Dawn Clematis

Clematis ‘Dawn’

Categories: white clematis, 2 pruning group, large-flowered

The clematis ‘Dawn’ variety was obtained by the rather famous Swedish breeder Tage Landell by crossing the clematis ‘Nellie Moser’ with either ‘Miss Bateman’ or ‘Moonlight’. Landell originally named it ‘Aurora’ but to avoid confusion with ‘Aurora’ clematis, which was obtained by Charles Noble in 1877, Landell renamed his variety. Dawn was registered in 1960 and introduced in 1969.

Table of Contents


Group Early large-flowered clematis
Pruning Group 2 (light prune)
Height 7…10 ft (2,5…3m)
Flower size about 4″…6″ (10…15 cm)
Flower coloration white with a faint pink tint
Flowering May-June, Avg-Oct
USDA hardiness zones 4-9


Clematis ‘Dawn’ most often grows to a height of about 2, sometimes up to 3 m, the shoot-forming ability is medium. The leaves are most often triple-veined, dark green with rather pronounced veining. Leaf petioles are sometimes reddish; nothing else significant can be said about them.

Clematis ‘Dawn’ blooms first on last year’s shoots from May to the end of June, and then again on the current year’s shoots from August to October. Flowers are large, simple, up to 15 cm in diameter, with 6-8 sepals of elliptical or oval shape. The sepal is often expanded in front and has a slightly pointed tip. The midline is pronounced; it is darker and has three folds.

The coloration of the sepal is off-white and cream along the margin and light pink along the midline, sometimes a light pink band with a greenish tint. Near the base of the sepal may also have a creamy greenish tint. The flowers are extremely prone to burnout, so clematis ‘Dawn’ is usually preferred to be grown in semi-shade. Stamen filaments greenish-white, anthers purplish-red.


Clematis ‘Dawn’ planting and care

If you plan to plant clematis ‘Dawn’ in a region with hot summers and almost no winters, be prepared for it to burn out in the sun. In such conditions, it will require planting near a north wall in a place where it will be well shaded during the midday hours. Otherwise, you risk not seeing the full beautiful blooms of this clematis. These rules apply to USDA zones 9 and 10.

If you plan to grow it in a region with cold winters, in a place like Michigan, Minnesota, South Dakota or Wisconsin, as well as Canada, you should, if possible, plant it so that it is well-lit throughout the day, protected from the wind, but slightly covered from the sun during the hot afternoon hours.

In addition, you should be sure to keep it well covered and pruned in a timely manner. In most parts of Canada, this clematis will probably not grow and bloom well at all.

Light, highly fertile soils with a high humus content are best for planting clematis. These are either bound loam or light loams.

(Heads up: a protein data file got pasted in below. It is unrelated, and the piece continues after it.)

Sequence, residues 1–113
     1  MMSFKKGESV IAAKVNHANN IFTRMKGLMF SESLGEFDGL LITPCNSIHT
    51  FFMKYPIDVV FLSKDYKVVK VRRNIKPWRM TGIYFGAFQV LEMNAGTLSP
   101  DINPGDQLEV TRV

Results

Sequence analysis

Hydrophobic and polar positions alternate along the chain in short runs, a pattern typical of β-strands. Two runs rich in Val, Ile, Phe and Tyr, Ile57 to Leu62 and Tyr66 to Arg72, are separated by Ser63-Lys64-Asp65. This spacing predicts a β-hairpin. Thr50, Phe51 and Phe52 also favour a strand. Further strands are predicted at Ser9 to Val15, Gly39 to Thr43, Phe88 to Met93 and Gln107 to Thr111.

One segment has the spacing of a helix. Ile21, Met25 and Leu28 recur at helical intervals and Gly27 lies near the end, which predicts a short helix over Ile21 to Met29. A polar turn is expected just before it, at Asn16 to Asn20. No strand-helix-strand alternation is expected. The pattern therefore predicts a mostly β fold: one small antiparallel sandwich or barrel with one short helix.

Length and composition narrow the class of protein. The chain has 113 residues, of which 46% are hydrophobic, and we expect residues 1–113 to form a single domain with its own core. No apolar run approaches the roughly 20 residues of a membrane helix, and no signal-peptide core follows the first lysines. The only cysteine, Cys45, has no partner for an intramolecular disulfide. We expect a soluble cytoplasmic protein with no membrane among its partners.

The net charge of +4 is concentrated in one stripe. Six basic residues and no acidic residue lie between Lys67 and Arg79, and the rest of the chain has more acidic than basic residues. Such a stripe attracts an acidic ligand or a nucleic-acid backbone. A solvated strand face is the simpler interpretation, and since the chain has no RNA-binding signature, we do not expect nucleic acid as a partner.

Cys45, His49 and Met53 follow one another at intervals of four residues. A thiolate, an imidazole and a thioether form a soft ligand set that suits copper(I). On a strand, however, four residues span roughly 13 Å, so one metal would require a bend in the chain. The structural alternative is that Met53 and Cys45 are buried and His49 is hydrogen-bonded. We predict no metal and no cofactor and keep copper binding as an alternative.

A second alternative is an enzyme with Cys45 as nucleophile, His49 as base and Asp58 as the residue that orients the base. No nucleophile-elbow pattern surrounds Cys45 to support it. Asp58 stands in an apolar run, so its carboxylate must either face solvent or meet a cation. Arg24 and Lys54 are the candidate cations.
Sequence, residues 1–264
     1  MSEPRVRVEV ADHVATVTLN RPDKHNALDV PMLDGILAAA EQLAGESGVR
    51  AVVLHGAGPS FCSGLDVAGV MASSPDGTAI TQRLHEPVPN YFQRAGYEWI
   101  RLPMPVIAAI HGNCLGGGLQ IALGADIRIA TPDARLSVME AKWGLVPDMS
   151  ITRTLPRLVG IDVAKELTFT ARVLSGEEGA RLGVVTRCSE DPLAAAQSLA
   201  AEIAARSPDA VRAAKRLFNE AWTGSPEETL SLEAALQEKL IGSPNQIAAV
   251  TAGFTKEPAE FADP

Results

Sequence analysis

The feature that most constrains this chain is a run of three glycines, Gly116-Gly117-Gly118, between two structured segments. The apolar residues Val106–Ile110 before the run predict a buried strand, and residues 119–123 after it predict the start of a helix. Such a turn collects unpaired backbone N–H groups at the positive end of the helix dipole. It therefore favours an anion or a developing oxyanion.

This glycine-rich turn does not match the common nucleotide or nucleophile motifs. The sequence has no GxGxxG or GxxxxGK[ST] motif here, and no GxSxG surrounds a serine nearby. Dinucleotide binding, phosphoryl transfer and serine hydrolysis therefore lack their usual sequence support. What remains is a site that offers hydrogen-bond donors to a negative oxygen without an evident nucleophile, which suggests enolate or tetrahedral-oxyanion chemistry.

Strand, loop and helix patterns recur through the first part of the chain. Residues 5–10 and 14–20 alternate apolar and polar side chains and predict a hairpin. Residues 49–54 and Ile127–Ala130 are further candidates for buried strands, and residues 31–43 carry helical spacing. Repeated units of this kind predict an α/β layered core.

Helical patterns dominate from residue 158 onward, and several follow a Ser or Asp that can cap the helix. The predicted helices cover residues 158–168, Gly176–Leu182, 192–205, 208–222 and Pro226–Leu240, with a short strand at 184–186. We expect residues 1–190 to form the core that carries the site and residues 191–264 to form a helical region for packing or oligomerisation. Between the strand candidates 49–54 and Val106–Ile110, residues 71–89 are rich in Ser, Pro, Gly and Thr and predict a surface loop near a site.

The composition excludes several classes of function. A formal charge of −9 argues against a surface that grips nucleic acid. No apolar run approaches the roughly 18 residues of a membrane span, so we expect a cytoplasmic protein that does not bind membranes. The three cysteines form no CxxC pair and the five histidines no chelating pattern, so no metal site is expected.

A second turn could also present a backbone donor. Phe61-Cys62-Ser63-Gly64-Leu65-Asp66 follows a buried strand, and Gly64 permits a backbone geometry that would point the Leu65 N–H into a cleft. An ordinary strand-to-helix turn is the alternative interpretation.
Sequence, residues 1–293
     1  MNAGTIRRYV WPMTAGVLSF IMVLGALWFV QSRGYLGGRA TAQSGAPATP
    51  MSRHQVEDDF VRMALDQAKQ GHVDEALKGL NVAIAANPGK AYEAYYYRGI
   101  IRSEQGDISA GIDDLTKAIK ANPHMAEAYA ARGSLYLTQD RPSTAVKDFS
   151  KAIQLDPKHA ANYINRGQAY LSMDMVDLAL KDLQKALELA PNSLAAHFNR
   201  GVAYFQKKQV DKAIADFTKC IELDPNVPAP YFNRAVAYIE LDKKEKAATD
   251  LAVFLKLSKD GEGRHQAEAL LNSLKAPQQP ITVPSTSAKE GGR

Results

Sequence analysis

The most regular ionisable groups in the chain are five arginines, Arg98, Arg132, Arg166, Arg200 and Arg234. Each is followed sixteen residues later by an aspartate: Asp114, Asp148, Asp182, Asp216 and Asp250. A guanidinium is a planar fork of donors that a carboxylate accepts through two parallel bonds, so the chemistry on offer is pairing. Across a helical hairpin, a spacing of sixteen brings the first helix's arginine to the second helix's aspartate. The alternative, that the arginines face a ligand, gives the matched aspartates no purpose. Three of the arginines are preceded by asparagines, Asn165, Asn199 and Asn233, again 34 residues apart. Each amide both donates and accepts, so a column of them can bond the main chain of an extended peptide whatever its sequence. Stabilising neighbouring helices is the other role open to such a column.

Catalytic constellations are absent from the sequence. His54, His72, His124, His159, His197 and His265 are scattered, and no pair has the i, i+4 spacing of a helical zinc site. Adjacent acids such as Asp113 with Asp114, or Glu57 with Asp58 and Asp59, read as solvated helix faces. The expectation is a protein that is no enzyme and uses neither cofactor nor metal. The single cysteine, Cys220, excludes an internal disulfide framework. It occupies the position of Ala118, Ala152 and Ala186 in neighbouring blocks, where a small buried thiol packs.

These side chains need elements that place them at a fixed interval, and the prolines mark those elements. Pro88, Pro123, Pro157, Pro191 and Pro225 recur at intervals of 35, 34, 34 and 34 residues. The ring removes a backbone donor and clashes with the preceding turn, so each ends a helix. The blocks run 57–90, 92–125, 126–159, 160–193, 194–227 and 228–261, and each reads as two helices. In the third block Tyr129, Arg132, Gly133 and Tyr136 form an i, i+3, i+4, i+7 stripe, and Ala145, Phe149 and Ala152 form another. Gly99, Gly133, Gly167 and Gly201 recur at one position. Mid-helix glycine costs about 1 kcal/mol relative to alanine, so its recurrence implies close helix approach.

When to plant clematis ‘Dawn’?

Clematis are best planted when the soil has warmed to a temperature of 68°F in the spring or cooled to that temperature in the fall. Planting earlier does not allow clematis to form a strong enough root system because the roots are just cold and the air can be well warmed. Planting in hotter weather also causes the above ground part of the clematis to develop better than the underground part. This also depletes the plant somewhat. In addition, if you plant clematis in summer, you run the risk of damaging its roots or shoots.

Preparation and planting of clematis

planting hole for clematis Dawn
The clematis planting pit should be large – like this. This is the north side of a small shed. Here the clematis ‘Dawn’ will grow in the shade. This will protect the flowers from burning out.

The hole for the clematis ‘Dawn’ should be large enough, about 50 cm across and the same depth. You should use the soil you have removed from the hole to fill it. Mix it with compost or humus in a ratio of 1:1. There you should also add about 20…30 grams of superphosphate (it does not matter double or simple, because it will be distributed over a very large volume) and 20…30 grams of potassium sulfate

If you have purchased a plant with a woody underside, it can be buried by one, two or three buds to get branching from the very bottom. If you have bought a young annual plant and it does not have a woody underside, it should not be buried.

Before planting, clean the roots from the soil and inspect them: it is better to cut off damaged roots immediately and cover the cuts with charcoal or ash. You should also pour a mixture of sand and ash over the entire root system and the lower part of the stem, including the growing point. This will create a barrier to pathogenic fungi that will protect your clematis from wilt for a while.

After planting, the clematis should be thoroughly watered abundantly and the soil tamped down so that there is no air between the soil and the roots.

Caring for clematis ‘Dawn’ after planting


Clematis are fairly drought tolerant, but should be watered in very dry, hot weather. Water infrequently but abundantly, pouring about 10 liters of water at once under mature plants and about 5 liters of water under young plants.

Mulching the soil